1. It’s OK that fundraising is reason to connect with long-lost friends because friendships are always forged in movements

Occasionally I’ll get an email from a long-lost acquaintance asking for financial support. My cynicism reacts: “Ah, now I’m your friend now that you need money…”

Then I started building my own email list.

And I wondered, “Is anyone thinking the same thing about me? It’s true I have not really been in contact with these friends in a while and I’m sure it would have meant a lot to them if I just reached out to see how they were.”

Then I had a simple thought that liberated me and helped me add the most distant friends to my update email. Friendships are always formed around movements. Friendships don’t happen because two strangers sit down together at random and decide to be friends. We become friends because we find ourselves side-to-side engaged in something bigger than making friends (or keeping up with them). Going to school is an educational movement. We didn’t go to university with the one purpose of making friends. We went for education, and that movement aligned us with real friends. The same thing happens at church. Our mission is bigger than being a social « friend group ». As we submit to Jesus’ mission together, we connect to one another. There are many other examples: sports teams, Boy Scouts, a corporation, even marriage: they are all things bigger than just friendship, yet they unite people in profound ways.

Missions is a movement– in some ways the greatest in history. It goes back to the promise God made to Abraham that all the tribes of the world will be blessed. It will continue until Jesus returns and people from every tribe and nation gather around his throne to praise God. It’s the one story that unites all the other stories.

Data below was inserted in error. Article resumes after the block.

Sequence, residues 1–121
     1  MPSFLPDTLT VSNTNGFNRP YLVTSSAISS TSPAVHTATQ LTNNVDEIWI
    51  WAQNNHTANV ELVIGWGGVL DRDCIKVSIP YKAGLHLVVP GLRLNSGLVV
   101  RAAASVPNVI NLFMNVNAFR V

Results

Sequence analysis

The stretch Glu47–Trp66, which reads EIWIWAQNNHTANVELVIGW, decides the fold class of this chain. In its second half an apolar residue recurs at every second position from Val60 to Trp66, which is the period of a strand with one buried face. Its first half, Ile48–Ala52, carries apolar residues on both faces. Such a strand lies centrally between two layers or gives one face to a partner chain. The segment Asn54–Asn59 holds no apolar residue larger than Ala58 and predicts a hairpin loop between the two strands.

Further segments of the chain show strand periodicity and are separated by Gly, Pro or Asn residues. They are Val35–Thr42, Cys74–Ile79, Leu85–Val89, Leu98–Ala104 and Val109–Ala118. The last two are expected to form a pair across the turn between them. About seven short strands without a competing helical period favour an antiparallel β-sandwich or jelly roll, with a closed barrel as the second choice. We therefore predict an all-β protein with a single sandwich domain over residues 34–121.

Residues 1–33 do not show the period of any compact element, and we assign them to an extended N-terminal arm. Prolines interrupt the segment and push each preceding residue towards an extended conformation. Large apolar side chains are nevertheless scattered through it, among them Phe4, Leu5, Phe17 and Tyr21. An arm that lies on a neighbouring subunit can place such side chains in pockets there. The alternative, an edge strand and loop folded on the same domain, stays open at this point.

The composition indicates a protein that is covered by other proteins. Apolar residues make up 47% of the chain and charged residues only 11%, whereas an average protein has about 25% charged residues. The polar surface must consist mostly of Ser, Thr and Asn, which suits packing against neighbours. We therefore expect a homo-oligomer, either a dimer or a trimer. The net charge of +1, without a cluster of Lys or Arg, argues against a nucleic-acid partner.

Financial giving and receiving is a practical way to embrace a movement, any movement. But it especially true of missions. Because of this, giving can be a way to forge friendships. Jesus says our hearts follow our money. Which means when I am asking people for support, I’m asking people for a “heart-level” connection with me. That’s exciting. More than just financial provision, I get to see God sustain and build friendships in my life.

  1. Asking people to give helps them invest in what lasts forever.

What if we found a field where whatever was planted in it would grow to last forever? And what if we had friends who had barns full of seeds, much of which was sitting on the shelves or going into soil that produced plants that only lasted for a few weeks? It would be a no-brainer. We would ask for seeds. Not because we were needy, but because we had discovered such amazing soil and we cared about our friends.


Europe is full of rich soil where gospel seeds will grow forever. It’s a privilege to be able to plant in this soil. And it’s a privilege to challenge others to give their seeds to plant in this soil.

  1. Giving to missions (especially in Europe) is “cathedral building”